Tuesday, October 13, 2015

New Lyme disease center at Spaulding treats lingering symptoms (Boston)

Reprinted from the Boston Globe
By Kay Lazar GLOBE STAFF  OCTOBER 12, 2015



Oct 12, 2015


Spaulding Rehabilitation Hospital
300 1st Ave
CharlestownMA 02129
Attn: Dr. Nevena Zubcevik


Dear Dr Zubcevik,


Thank you for your involvement with Lyme patients and lingering symptoms at the Spaulding Rehabilitation Hospital. I think everyone who sees these patients will agree that Lyme is not your average "nuisance disease" and until we have lab tests to gauge treatment failure or success, Lyme patients around the globe will continue to suffer with little or no treatment options.


Our family had a prolonged exposure to the Lyme bacterium before diagnosis so we missed the narrow window of opportunity for successful short term treatment. I suspect it was a twelve year exposure for me before diagnosis and perhaps four years for my daughter. There are no treatment guidelines for this class of patient and most who went this long are usually incapacitated. When finally diagnosed in the fall of 2008 I was bedridden, on oxygen and nearly died.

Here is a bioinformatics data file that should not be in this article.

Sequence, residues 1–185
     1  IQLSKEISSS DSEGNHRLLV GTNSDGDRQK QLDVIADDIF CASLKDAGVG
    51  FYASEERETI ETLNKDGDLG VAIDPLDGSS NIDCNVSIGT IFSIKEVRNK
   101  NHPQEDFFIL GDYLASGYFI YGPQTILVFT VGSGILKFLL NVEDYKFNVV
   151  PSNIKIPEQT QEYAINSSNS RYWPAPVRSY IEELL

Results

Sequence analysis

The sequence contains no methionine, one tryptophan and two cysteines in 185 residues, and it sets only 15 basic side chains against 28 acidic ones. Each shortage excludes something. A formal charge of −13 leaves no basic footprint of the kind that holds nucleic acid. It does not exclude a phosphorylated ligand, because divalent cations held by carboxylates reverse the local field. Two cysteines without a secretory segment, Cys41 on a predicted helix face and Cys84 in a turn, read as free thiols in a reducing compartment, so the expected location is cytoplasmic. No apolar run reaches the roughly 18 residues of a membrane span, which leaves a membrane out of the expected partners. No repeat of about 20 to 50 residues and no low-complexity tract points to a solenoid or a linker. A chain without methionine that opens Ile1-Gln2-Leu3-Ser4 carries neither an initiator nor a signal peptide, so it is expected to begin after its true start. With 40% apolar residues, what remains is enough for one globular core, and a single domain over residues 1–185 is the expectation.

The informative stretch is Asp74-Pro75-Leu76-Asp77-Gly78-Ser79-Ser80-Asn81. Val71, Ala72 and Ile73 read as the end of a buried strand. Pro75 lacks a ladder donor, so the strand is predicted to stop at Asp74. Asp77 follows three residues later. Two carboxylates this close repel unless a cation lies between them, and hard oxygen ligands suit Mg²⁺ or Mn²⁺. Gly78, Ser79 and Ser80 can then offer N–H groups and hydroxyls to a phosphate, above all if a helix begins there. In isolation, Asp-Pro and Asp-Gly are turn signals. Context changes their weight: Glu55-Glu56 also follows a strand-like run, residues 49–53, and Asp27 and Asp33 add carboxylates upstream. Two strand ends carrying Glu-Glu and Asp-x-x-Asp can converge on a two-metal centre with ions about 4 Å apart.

As far as objective signs of disease both my daughter and I currently have reactivated Epstein Barr virus which may offer an explanation for the daily bouts of exhaustion that I still experience requiring that I nap frequently. (Mononucleosis has been labeled the sleeping sickness) My daughter's CD57 NK levels are very low (16, reference range: 60-360) as is her IgA levels. She is also testing positive to the B19 Parvovirus. It has been recommended that she see an immunologist and undergo IVIG therapy for her immune dysfunction. It would appear that our immune systems have been compromised allowing these viruses to remain active. The stimulants Vyvanse for ADD and Provigil that my daughter has been prescribed allow her to work but without these amphetamines she does not function well at all. A recent cold turned into yet another sinus infection and she experiences recurrent yeast infections.


It has been suggested that Lyme is immunosuppressive causing a post-sepsis like immunosuppression:  (AIDS-like disease)


Dormant viruses re-emerge in patients with lingering sepsis, signaling immune suppression
June 11, 2014


Sepsis-induced immunosuppression: from cellular dysfunctions to immunotherapy.



NEW, by the NIH:  "Surviving Sepsis: Detection and Treatment Advances"
By Carolyn Beans for the National Institutes of Health   |   August 18, 2014 08:43am ET 
Preventing Secondary Infections

"Some people who survive sepsis can develop secondary infections days or even months later. A research team that included Richard Hotchkiss, Jonathan Green and Gregory Storch of Washington University School of Medicine in St. Louis suspected that this is because sepsis might cause lasting damage to the immune system. To test this hypothesis, the scientists compared viral activation in people with sepsis, other critically ill people and healthy individuals. The researchers looked for viruses like Epstein-Barr and herpes simplex that are often dormant in healthy people but can reactivate in those with suppressed immune systems. [Sepsis Has Long-Term Impact for Older Adults, Study Finds]"